OSU’s Smith Not Yet Comfortable with Impending Season

FILE - In this Dec. 4, 2018, file photo, Ohio State athletics director Gene Smith answers questions during a news conference in Columbus, Ohio. Ohio State athletic director Gene Smith said the discussion is just beginning on prepare-to-play issues after most programs had spring football practice shortened or wiped out and had to deal with all of their spring sports being called to a halt. (AP Photo/Jay LaPrete, File)

COLUMBUS — Gene Smith isn’t ready to say he’s 100 percent comfortable yet that there will be a full, 12-game college football regular season.

The Ohio State University Director of Athletics is much closer to that mark, however, than he was just a few months ago when the ongoing coronavirus pandemic brought sports to a grinding halt in mid March.

“One of the things is we’re constantly getting educated about the virus and this disease,” Smith said during a nearly hour-long teleconference Wednesday afternoon. “I am cautiously optimistic that I will reach 100 percent comfort level, but I am not there yet.”

The Buckeyes announced a plan to begin the process of bringing back their football players and staff to the Woody Hayes Athletic Center, beginning on June 8. However, a few hurdles remain before that plan becomes a reality.

The NCAA’s Division I council met Wednesday and approved a plan for student-athltes in football, men’s basketball and women’s basketball to be able to access their on-campus facilities for voluntary workouts. Other sports will be finalized at a later date.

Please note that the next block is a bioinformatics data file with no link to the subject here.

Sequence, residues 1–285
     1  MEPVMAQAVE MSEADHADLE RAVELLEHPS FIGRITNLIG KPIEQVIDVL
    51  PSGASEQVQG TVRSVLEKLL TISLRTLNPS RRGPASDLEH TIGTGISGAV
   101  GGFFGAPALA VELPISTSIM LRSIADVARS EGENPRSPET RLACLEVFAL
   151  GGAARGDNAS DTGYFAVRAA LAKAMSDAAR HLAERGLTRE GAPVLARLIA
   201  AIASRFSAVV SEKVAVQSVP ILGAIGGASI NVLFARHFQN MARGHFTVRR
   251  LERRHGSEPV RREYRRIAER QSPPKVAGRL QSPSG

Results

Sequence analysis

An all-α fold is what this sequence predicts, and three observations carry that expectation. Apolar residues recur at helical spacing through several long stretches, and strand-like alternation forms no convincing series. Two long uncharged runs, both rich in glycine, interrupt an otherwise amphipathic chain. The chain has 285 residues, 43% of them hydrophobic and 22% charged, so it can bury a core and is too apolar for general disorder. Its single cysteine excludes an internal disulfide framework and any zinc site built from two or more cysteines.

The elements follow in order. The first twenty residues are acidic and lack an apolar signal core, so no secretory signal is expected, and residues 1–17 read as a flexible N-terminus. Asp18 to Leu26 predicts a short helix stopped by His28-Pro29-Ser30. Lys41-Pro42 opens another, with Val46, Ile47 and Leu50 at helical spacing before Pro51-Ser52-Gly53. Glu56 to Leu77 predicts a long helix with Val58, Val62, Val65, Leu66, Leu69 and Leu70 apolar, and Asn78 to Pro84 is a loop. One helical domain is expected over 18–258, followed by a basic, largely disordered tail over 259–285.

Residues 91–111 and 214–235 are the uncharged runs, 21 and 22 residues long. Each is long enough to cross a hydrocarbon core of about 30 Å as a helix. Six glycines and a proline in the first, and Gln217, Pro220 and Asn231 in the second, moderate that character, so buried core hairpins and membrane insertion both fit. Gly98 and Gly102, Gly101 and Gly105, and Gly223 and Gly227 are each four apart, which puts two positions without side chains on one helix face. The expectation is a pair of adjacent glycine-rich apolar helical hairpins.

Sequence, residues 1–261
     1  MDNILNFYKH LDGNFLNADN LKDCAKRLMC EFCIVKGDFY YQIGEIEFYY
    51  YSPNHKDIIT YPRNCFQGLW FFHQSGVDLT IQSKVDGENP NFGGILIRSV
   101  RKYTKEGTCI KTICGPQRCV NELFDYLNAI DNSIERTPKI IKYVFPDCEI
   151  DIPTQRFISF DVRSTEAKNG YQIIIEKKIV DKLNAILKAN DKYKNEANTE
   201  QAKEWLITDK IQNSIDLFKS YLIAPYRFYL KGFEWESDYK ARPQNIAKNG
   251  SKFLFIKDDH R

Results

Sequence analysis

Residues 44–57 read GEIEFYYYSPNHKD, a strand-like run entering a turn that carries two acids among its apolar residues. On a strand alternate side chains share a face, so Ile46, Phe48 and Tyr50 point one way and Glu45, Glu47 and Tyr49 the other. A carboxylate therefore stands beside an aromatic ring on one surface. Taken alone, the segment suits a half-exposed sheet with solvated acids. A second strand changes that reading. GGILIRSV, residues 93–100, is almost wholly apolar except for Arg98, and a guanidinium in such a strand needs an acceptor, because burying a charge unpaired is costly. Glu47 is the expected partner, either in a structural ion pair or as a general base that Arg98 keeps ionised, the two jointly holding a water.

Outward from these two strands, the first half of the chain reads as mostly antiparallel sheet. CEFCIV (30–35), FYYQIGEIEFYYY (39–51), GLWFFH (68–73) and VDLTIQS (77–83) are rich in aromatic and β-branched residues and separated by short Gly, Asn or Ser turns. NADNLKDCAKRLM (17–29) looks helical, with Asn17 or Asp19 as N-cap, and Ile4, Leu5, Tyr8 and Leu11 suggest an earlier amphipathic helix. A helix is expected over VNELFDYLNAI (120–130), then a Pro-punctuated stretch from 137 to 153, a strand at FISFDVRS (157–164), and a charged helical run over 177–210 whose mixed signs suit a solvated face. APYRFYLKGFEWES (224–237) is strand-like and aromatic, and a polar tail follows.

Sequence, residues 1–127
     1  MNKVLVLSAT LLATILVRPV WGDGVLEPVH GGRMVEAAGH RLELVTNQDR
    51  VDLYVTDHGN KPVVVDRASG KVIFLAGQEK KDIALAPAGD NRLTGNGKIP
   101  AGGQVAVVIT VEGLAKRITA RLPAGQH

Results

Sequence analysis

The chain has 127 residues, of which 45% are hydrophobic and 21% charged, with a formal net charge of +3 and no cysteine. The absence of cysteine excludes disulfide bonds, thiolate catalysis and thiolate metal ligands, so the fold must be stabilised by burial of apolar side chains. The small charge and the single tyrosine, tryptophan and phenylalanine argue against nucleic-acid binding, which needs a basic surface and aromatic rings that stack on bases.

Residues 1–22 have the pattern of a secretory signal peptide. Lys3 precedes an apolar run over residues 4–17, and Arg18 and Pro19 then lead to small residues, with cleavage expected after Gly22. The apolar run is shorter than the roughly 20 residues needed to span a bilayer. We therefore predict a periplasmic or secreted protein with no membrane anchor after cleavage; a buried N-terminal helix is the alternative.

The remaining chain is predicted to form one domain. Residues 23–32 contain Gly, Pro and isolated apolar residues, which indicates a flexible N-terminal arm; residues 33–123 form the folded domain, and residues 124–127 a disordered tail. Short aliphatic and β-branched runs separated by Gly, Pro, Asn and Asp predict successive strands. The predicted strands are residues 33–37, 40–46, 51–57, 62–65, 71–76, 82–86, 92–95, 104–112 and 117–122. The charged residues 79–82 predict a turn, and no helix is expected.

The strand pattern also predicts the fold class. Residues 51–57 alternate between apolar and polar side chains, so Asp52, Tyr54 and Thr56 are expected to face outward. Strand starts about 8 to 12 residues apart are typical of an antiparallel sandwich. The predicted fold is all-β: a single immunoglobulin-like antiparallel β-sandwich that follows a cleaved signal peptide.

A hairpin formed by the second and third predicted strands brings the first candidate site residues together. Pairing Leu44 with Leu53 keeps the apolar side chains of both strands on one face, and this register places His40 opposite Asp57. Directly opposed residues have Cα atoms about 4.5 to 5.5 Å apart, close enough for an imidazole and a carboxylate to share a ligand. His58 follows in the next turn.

“We’re talking about the future, but living in the moment,” Smith said. “We hope to have a lot of answers relatively soon on a lot of different issues.”

With the NCAA’s approval, Ohio State now needs formal approval from the university, which has formed a post pandemic operations task force.

“We want to make sure (the student-athletes) are in the safest environment possible,” Smith said. “Some of our guys don’t have access to the education, resources and things they can get (on campus).”

Though players could begin to return, it would not be mandated for them to return to Columbus. And Smith stressed that he and Ohio State University boldly support extending the ongoing moratorium that doesn’t allow organized team activity until June 30.

“It will be limited access to the Woody Hayes and Schumaker Centers,” Smith said. “We would go through all of the proper protocols.”

Though each person who enters the two facilities would not be required to undergo a COVID-19 test, plenty of other measures would be in place. Each person entering would have his temperature taken and proper sanitation of equipment and smaller groups would be shuffled in and out.

“Between the two facilities, through the course of a day, we feel like we can get close to 50 athletes through a workout,” Smith said. “Basically, X number of athletes would work out, basically disappear, the room is cleaned and then another group comes in.”

Smith believes that opening the facilities for that type of workouts gives student-athletes the safest environment possible.

“Not all of the players are at home, some are still in their apartments (in Columbus), so it’s a mix,” Smith said. “We feel, with the protocols we will have in place in regards to symptom checks, the cleanliness of the facility and with the (equipment) we can offer, this is the best-protected environment.”

At this point, only football players would be coming back to begin preparations. Their return would allow Ohio State’s administration to evaluate the systems and protocols, adjust as necessary, and then begin to clear a path for other Buckeye student-athletes to begin to return.


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